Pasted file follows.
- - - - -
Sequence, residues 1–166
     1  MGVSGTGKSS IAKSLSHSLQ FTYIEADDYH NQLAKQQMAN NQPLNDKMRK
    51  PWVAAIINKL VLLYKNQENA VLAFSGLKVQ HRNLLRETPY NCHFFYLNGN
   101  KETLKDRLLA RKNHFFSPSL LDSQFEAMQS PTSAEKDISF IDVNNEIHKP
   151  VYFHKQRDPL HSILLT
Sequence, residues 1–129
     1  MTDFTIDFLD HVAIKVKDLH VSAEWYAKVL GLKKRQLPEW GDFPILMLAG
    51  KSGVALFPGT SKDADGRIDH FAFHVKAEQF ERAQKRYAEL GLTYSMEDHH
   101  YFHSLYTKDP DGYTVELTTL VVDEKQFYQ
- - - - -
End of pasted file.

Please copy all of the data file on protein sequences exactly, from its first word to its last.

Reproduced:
Sequence, residues 1–166
     1  MGVSGTGKSS IAKSLSHSLQ FTYIEADDYH NQLAKQQMAN NQPLNDKMRK
    51  PWVAAIINKL VLLYKNQENA VLAFSGLKVQ HRNLLRETPY NCHFFYLNGN
   101  KETLKDRLLA RKNHFFSPSL LDSQFEAMQS PTSAEKDISF IDVNNEIHKP
   151  VYFHKQRDPL HSILLT
Sequence, residues 1–129
     1  MTDFTIDFLD HVAIKVKDLH VSAEWYAKVL GLKKRQLPEW GDFPILMLAG
    51  KSGVALFPGT SKDADGRIDH FAFHVKAEQF ERAQKRYAEL GLTYSMEDHH
   101  YFHSLYTKDP DGYTVELTTL VVDEKQFYQ